Tenant uses job loss to break lease

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Q: Our tenant broke our one-year lease after six months. He has written me a letter claiming he is not responsible for the remaining six months of rent because he had to move after losing his job.

We understand that landlords have an obligation to minimize the loss of rent, but the rental market here is very slow and there is hardly any demand. In the past we have just put up a small sign and we would receive dozens of calls. Not this time. So we have even hired a top local real estate firm to list and show the rental unit, but after 60 days we still have no qualified applicants.

Each month we send the former tenant a rent invoice, but he is refusing to pay. We finally deducted the first month’s rent from his security deposit, but with the other charges for damages there is not enough to cover any more unpaid rent. The ex-tenant, an attorney, is very threatening in his letters to us and seems to be attempting to intimidate us into dropping our claim that the rent is still owed. We would be very grateful for any advice that you could offer.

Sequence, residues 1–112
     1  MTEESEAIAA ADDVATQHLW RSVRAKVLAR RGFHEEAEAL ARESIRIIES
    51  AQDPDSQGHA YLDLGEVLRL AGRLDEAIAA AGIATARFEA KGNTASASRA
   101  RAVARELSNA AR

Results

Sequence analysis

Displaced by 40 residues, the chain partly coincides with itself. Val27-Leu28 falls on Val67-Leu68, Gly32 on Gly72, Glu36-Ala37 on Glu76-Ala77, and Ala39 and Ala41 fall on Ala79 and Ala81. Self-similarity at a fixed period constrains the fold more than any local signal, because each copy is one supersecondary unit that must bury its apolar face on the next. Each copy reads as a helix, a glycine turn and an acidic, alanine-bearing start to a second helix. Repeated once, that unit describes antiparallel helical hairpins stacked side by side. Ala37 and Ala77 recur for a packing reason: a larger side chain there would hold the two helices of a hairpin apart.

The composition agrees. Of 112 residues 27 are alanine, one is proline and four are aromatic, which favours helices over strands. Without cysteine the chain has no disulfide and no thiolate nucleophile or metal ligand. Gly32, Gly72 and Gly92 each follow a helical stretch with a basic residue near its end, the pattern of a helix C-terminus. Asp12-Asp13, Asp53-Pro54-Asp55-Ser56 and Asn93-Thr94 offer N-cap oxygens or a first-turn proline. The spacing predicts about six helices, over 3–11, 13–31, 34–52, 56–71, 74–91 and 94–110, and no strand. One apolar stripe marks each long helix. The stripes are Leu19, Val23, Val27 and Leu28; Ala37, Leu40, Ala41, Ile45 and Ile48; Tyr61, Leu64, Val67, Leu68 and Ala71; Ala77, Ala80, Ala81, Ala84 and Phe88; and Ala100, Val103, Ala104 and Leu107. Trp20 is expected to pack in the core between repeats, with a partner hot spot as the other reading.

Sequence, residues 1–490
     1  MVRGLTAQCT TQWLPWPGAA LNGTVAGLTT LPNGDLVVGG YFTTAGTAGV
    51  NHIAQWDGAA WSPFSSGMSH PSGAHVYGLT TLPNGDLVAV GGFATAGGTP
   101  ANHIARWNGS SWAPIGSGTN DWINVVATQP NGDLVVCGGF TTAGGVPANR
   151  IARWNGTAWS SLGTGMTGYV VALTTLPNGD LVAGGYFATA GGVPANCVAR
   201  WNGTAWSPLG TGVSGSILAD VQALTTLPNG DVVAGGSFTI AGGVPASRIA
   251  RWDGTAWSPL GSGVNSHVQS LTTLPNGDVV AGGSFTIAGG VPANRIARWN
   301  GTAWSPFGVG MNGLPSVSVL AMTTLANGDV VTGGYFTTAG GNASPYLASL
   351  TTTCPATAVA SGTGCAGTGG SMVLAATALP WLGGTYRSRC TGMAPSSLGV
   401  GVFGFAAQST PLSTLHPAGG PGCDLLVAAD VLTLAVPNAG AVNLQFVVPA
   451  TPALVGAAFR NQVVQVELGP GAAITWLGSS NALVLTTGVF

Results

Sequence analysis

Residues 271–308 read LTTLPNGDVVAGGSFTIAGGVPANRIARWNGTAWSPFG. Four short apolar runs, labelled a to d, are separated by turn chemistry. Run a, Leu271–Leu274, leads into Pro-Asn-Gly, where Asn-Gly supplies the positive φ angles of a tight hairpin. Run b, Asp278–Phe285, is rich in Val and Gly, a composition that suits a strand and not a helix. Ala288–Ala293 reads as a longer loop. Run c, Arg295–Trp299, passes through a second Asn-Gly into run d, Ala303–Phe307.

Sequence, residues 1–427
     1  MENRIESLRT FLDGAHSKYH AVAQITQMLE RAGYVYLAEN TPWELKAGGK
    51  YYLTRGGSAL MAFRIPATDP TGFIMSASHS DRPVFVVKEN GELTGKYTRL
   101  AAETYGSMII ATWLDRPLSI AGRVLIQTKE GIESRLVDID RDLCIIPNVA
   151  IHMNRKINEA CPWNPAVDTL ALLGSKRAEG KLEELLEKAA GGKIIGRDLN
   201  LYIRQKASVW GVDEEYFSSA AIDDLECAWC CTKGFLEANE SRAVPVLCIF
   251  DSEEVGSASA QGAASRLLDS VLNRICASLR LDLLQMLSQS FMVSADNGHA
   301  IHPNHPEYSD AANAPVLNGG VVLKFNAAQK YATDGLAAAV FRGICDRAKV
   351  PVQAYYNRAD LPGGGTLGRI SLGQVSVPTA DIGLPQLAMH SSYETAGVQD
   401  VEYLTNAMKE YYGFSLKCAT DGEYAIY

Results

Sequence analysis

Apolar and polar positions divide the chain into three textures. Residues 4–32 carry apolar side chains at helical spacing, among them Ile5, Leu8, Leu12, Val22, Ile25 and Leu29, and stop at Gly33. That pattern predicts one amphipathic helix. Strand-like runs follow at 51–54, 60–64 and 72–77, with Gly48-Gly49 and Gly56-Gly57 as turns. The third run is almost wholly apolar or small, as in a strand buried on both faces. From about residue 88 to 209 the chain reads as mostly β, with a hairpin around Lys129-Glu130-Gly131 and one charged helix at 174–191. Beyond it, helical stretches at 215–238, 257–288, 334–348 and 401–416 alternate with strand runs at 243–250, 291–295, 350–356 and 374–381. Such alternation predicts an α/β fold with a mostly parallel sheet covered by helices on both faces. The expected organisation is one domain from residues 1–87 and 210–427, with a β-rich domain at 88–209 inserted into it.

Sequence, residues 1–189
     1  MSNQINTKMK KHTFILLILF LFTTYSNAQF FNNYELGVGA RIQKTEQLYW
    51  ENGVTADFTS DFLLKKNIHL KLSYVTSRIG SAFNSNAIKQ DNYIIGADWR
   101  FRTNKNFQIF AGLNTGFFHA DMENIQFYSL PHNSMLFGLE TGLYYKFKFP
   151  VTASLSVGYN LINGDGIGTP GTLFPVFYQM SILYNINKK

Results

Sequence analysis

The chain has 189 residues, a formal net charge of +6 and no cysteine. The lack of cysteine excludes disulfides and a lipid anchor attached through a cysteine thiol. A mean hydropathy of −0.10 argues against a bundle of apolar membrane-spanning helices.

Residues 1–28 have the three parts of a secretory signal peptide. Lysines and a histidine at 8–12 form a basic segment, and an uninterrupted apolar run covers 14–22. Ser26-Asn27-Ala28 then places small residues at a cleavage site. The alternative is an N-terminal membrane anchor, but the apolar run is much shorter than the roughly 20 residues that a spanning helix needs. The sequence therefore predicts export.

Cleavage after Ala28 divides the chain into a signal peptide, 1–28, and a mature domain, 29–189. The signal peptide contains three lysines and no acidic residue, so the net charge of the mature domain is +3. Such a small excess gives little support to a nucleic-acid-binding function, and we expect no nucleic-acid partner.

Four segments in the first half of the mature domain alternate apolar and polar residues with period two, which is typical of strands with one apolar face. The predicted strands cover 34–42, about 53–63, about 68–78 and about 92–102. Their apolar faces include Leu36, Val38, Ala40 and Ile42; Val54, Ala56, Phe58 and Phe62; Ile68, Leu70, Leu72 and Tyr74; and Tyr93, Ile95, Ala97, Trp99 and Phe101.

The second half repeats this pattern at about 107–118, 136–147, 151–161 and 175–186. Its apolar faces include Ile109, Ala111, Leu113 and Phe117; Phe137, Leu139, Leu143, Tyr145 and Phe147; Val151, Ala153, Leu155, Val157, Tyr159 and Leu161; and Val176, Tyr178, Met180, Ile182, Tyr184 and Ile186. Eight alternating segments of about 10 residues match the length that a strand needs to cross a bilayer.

A: Your tenant may be an attorney but he is incorrect to claim that his change of employment status is grounds to unilaterally breach or attempt to terminate the lease. He is still obligated to pay the rent each month for the entire balance of the lease term. The only exception would be if you had made a specific agreement allowing him to break the lease under certain conditions.

In today’s economic environment, many tenants are seeking such "early termination for cause" clauses. But your former tenant apparently didn’t think ahead by negotiating that right, and as a result, he remains liable for the rent each month.

You should continue to send him an invoice for rent on or before the rental due date each month. It sounds like you are following the proper procedures, as you do have a duty to mitigate or minimize the loss of rent and must take reasonable steps to re-rent the property. Hiring a local real estate firm sounds prudent based on the weak market conditions. I would also suggest you give the firm a short narrative of the efforts you are making to re-rent the property so that you can prevent or at least show that you made reasonable efforts should the tenant ever challenge your efforts to mitigate their loss.  …CONTINUED

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